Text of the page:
The permeability of bovine articular cartilage was measured in an
apparatus designed to permit this measurement while the fluid pressure
gradient across the cartilage and the axial compressive strain applied to
the cartilage were varied independently. For all of the pressure gradients
tested the permeability of the cartilage decreased as the compressive
strain increased. From previous work, it was postulated that joint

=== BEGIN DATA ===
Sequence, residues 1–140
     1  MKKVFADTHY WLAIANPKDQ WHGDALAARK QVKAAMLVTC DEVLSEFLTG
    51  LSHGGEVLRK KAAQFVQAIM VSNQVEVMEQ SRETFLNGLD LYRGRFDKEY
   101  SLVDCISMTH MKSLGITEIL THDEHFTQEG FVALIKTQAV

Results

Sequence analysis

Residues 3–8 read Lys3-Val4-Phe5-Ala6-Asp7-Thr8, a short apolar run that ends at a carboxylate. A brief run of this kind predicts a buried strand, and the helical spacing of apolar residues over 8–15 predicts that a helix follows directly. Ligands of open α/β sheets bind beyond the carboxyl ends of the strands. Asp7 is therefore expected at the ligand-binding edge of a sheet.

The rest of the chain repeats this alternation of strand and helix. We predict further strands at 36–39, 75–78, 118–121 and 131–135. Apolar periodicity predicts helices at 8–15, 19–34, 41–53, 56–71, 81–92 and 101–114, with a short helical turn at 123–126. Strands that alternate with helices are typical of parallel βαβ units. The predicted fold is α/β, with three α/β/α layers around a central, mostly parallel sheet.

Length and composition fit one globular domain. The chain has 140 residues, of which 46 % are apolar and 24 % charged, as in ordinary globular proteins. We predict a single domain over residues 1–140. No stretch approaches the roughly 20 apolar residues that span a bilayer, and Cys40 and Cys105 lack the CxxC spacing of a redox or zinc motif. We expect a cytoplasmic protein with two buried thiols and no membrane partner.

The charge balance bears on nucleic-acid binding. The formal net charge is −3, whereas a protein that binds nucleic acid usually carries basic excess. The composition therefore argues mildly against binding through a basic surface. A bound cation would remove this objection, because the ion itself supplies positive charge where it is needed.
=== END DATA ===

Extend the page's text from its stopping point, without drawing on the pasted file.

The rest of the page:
lubrication is accomplished first by fluid exudation into the joint space.
both at the leading edge of the moving contact area and between portions of
the opposing cartilaginous surfaces, and second by imbibition of the
expelled fluid back into the cartilage toward the trailing edge of the
contact area caused by the "elastic" recovery of the tissue. The present
work extends this model to include the condition that the permeability of
cartilage is dependent on the extent to which it is deformed.